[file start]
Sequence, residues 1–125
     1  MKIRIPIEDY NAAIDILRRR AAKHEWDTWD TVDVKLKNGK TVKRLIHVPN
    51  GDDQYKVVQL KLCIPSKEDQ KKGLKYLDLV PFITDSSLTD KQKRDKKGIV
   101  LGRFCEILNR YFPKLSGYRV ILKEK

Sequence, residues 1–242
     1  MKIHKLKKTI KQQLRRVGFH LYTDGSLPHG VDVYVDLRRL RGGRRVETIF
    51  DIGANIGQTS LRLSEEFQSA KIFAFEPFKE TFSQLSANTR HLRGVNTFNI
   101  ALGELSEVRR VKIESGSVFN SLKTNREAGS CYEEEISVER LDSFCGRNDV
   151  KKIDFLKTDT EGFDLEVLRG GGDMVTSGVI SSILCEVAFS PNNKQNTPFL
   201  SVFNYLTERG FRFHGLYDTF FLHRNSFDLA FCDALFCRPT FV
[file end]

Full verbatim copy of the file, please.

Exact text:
Sequence, residues 1–125
     1  MKIRIPIEDY NAAIDILRRR AAKHEWDTWD TVDVKLKNGK TVKRLIHVPN
    51  GDDQYKVVQL KLCIPSKEDQ KKGLKYLDLV PFITDSSLTD KQKRDKKGIV
   101  LGRFCEILNR YFPKLSGYRV ILKEK

Sequence, residues 1–242
     1  MKIHKLKKTI KQQLRRVGFH LYTDGSLPHG VDVYVDLRRL RGGRRVETIF
    51  DIGANIGQTS LRLSEEFQSA KIFAFEPFKE TFSQLSANTR HLRGVNTFNI
   101  ALGELSEVRR VKIESGSVFN SLKTNREAGS CYEEEISVER LDSFCGRNDV
   151  KKIDFLKTDT EGFDLEVLRG GGDMVTSGVI SSILCEVAFS PNNKQNTPFL
   201  SVFNYLTERG FRFHGLYDTF FLHRNSFDLA FCDALFCRPT FV